dny dn−1y dy an--n-+ an−1--n−1 + ⋅⋅⋅ + a1- + a 0y = b(x), dx dx dx

where a 0,a1,...,an are all constants, but b may depend on the independent variable x . The Mechanical vibrations equation above is constant coefficient nonhomogeneous second order ODE. Same nomenclature applies to PDEs, so the Transport equation, Heat equation and Wave equation are all examples of constant coefficient linear PDEs.

Finally, an equation (or system) is called autonomous if the equation does not depend on the independent variable. Usually here we only consider ordinary differential equations and the independent variable is then thought of as time. Autonomous equation means an equation that does not change with time. For example, Newton’s law of cooling is autonomous, so is equation (4). On the other hand, Mechanical vibrations or (3) are not autonomous.

0.3.1 Exercises

Exercise 0.3.1: Classify the following equations. Are they ODE or PDE? Is it an equation or a system? What is the order? Is it linear or nonlinear, and if it is linear, is it homogeneous, constant coefficient? If it is an ODE, is it autonomous?
a)  2 sin(t)d-x-+ cos(t)x = t2 dt2
b) ∂u ∂u ---+ 3---= xy ∂x ∂y
c) y′′ + 3y + 5x = 0, x′′ + x − y = 0
d)  2 2 ∂-u+ u ∂-u-= 0 ∂t2 ∂s2
e) x′′ + tx2 = t
f) d4x- dt4 = 0

Exercise 0.3.2: If ⃗u = (u1,u2,u3) is a vector, we have the divergence ∇ ⋅⃗u = ∂∂u1x-+ ∂∂uy2+ ∂u∂z3 and curl ∇ × ⃗u = (∂u3− ∂u2, ∂u1-− ∂u3, ∂u2− ∂u1) ∂y ∂z ∂z ∂x ∂x ∂y . Notice that curl of a vector is still a vector. Write out Maxwell’s equations in terms of partial derivatives and classify the system.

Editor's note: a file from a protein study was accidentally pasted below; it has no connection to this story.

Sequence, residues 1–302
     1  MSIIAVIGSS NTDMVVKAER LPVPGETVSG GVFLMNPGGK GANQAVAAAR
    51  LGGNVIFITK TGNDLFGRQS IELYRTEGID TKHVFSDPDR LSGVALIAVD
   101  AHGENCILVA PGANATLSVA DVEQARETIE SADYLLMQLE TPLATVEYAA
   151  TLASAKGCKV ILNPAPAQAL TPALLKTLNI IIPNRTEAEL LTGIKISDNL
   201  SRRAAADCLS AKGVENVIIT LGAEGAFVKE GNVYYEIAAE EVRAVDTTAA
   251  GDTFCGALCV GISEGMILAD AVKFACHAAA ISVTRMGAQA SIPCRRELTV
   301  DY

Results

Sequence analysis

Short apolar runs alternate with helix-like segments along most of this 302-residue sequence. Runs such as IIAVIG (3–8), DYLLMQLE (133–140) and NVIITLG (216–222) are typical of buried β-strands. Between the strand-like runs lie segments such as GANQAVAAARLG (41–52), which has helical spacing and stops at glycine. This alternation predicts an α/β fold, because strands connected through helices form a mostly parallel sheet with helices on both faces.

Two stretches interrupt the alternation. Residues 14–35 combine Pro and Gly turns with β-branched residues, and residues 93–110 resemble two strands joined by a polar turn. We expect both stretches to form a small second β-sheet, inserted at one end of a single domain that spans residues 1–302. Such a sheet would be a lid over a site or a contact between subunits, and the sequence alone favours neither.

Exercise 0.3.3: Suppose F is a linear function, that is, F (x,y) = ax + by for constants a and b . What is the classification of equations of the form  ′ F(y ,y) = 0 .

Exercise 0.3.4: Write down an explicit example of a third order, linear, nonconstant coefficient, nonautonomous, nonhomogeneous system of two ODE such that every derivative that could appear, does appear.

Exercise 0.3.101: Classify the following equations. Are they ODE or PDE? Is it an equation or a system? What is the order? Is it linear or nonlinear, and if it is linear, is it homogeneous, constant coefficient? If it is an ODE, is it autonomous?
a) ∂2v ∂2v --2 + 3--2-= sin(x) ∂x ∂y
b) dx- 2 dt + cos(t)x = t + t + 1
c)  7 d-F- dx7 = 3F (x )
d)  ′′ ′ y + 8y = 1
e) x′′ + tyx′ = 0, y′′ + txy = 0
f)  2 ∂u- ∂-u- 2 ∂t = ∂s2 + u

Exercise 0.3.102: Write down the general zeroth order linear ordinary differential equation. Write down the general solution.